22. Beatnoun

    the rise or fall of the hand or foot, marking the divisions of time; a division of the measure so marked. In the rhythm of music the beat is the unit

  23. Beatnoun

    a transient grace note, struck immediately before the one it is intended to ornament

  24. Beatnoun

    a sudden swelling or reenforcement of a sound, recurring at regular intervals, and produced by the interference of sound waves of slightly different periods of vibrations; applied also, by analogy, to other kinds of wave motions; the pulsation or throbbing produced by the vibrating together of two tones not quite in unison. See Beat, v. i., 8

  25. Beatverb

    a round or course which is frequently gone over; as, a watchman's beat

  26. Beatverb

    a place of habitual or frequent resort

  27. Beatverb

    a cheat or swindler of the lowest grade; -- often emphasized by dead; as, a dead beat

  28. Beatadjective

    weary; tired; fatigued; exhausted


  1. Beat

    Beat is the ninth studio album by the British rock band King Crimson, released in 1982.

Chambers 20th Century Dictionary

  1. Beat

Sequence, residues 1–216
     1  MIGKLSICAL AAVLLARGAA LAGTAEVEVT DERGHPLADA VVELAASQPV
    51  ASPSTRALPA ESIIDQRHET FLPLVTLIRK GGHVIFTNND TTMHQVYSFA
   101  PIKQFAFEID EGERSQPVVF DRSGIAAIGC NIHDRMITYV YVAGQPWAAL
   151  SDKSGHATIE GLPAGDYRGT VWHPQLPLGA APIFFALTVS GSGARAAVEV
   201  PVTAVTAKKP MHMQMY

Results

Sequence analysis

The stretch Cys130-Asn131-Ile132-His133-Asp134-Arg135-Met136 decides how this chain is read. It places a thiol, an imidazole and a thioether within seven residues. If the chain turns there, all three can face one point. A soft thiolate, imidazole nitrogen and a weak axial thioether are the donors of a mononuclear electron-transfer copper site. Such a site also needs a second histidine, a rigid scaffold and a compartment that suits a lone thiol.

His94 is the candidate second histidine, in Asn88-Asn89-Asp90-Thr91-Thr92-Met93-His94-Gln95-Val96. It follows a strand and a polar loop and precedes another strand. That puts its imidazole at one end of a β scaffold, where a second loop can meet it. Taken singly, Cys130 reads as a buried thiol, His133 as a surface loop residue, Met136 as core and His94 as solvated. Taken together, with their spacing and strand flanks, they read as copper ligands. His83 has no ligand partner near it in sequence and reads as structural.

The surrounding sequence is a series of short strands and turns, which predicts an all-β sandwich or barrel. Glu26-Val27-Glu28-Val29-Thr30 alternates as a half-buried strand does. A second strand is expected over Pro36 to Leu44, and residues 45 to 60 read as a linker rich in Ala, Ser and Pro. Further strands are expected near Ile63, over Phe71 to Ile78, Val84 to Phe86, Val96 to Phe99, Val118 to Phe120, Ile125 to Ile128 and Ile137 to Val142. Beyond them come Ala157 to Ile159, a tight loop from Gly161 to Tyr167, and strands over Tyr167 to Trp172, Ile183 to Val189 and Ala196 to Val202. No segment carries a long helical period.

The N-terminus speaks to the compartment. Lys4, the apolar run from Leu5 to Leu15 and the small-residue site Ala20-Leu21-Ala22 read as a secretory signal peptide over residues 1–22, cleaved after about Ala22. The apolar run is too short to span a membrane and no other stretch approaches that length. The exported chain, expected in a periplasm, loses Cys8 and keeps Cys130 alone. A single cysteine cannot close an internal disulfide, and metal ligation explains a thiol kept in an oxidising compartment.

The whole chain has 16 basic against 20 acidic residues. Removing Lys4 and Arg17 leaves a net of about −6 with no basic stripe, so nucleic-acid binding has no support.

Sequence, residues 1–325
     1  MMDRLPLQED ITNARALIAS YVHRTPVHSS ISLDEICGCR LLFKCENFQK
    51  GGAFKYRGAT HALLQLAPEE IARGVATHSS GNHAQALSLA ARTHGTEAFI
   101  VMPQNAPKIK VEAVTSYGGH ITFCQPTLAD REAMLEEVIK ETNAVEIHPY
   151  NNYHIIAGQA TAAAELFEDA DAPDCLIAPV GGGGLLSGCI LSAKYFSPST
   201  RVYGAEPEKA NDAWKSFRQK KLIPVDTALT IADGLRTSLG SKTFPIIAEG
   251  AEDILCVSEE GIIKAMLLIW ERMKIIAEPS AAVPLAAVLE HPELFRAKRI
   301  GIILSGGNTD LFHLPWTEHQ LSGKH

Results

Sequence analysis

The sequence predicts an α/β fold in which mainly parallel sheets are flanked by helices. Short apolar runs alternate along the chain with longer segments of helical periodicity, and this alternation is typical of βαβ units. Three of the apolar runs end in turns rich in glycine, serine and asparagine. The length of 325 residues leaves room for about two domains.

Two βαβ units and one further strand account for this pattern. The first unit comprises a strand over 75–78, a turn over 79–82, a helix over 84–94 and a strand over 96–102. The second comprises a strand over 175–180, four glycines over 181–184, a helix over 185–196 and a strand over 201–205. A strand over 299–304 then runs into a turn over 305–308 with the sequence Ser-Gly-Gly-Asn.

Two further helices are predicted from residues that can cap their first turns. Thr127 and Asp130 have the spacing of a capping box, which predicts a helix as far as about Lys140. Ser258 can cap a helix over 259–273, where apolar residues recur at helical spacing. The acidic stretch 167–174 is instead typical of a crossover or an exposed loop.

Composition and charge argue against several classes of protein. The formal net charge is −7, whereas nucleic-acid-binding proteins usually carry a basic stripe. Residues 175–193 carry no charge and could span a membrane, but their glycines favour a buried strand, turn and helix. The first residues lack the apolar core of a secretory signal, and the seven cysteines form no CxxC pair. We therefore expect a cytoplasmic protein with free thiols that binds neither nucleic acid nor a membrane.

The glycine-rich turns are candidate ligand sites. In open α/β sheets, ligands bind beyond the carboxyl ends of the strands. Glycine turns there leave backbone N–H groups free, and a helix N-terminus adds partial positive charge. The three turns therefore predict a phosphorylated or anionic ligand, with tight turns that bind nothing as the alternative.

bēt, v.t. to strike repeatedly: to break or bruise: to strike, as bushes, in order to rouse game: to thrash: to overcome: to be too difficult for: to spread flat and thin by beating with a tool, as gold by a gold-beater—also To beat out.—v.i. to give strokes repeatedly: to throb: to dash, as a flood or storm:—pr.p. beat′ing; pa.t. beat; pa.p. beat′en.—n. a recurrent stroke: a stroke recurring at intervals, or its sound, as of a watch or the pulse: a round or course, as a policeman's beat: a place of resort.—adj. weary: fatigued.—adj. Beat′en, made smooth or hard by beating or treading: trite: worn by use.—ns. Beat′er, one that beats or strikes: one who rouses or beats up game: a crushing instrument; Beat′ing, the act of striking: chastisement by blows: regular pulsation or throbbing: rousing of game: exercising the brain.—Beaten work, metal shaped by being hammered on an anvil or block of the necessary shape.—Dead beat, completely exhausted.—To beat about the bush, to approach a subject in an indirect way; To beat a retreat, to retreat, originally to beat the drum as a signal for retreat; To beat off, to drive back; To beat out, to work out fully, to make gold or silver leaf out of solid metal; To beat the air, to fight to no purpose, or against an imaginary enemy; To beat the bounds, to trace out the boundaries of a parish in a periodic survey or perambulation, certain natural objects in the line of journey being formally struck with a rod, and sometimes also the boys whipped to make them remember; To beat the brains, to puzzle one's brains about something; To beat the tattoo (mil.), to sound the drum for evening roll-call; To beat up, to alarm by a sudden attack: to disturb: to pay an untimeous visit to any one—also in 'to beat up for recruits,' to go about a town to enlist men. [A.S. béatan, pa.t. béot.]